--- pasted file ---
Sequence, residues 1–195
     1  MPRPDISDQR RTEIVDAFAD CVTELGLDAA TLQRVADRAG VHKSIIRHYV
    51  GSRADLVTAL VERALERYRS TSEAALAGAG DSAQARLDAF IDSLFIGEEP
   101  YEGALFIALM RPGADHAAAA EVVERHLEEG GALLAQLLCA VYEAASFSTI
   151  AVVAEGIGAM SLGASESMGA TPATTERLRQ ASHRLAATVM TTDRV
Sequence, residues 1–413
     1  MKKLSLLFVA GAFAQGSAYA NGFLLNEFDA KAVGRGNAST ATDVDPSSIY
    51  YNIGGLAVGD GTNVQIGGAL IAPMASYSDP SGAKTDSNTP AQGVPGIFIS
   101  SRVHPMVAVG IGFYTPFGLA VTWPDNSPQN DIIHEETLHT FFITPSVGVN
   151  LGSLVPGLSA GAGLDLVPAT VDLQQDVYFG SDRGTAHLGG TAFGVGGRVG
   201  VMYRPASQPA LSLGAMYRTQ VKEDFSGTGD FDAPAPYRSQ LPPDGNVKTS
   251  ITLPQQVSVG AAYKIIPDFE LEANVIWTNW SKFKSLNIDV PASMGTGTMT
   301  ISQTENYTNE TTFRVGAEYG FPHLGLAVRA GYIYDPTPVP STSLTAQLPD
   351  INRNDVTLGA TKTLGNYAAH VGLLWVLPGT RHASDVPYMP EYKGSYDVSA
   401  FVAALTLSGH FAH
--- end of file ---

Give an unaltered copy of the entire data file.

Sequence, residues 1–195
     1  MPRPDISDQR RTEIVDAFAD CVTELGLDAA TLQRVADRAG VHKSIIRHYV
    51  GSRADLVTAL VERALERYRS TSEAALAGAG DSAQARLDAF IDSLFIGEEP
   101  YEGALFIALM RPGADHAAAA EVVERHLEEG GALLAQLLCA VYEAASFSTI
   151  AVVAEGIGAM SLGASESMGA TPATTERLRQ ASHRLAATVM TTDRV
Sequence, residues 1–413
     1  MKKLSLLFVA GAFAQGSAYA NGFLLNEFDA KAVGRGNAST ATDVDPSSIY
    51  YNIGGLAVGD GTNVQIGGAL IAPMASYSDP SGAKTDSNTP AQGVPGIFIS
   101  SRVHPMVAVG IGFYTPFGLA VTWPDNSPQN DIIHEETLHT FFITPSVGVN
   151  LGSLVPGLSA GAGLDLVPAT VDLQQDVYFG SDRGTAHLGG TAFGVGGRVG
   201  VMYRPASQPA LSLGAMYRTQ VKEDFSGTGD FDAPAPYRSQ LPPDGNVKTS
   251  ITLPQQVSVG AAYKIIPDFE LEANVIWTNW SKFKSLNIDV PASMGTGTMT
   301  ISQTENYTNE TTFRVGAEYG FPHLGLAVRA GYIYDPTPVP STSLTAQLPD
   351  INRNDVTLGA TKTLGNYAAH VGLLWVLPGT RHASDVPYMP EYKGSYDVSA
   401  FVAALTLSGH FAH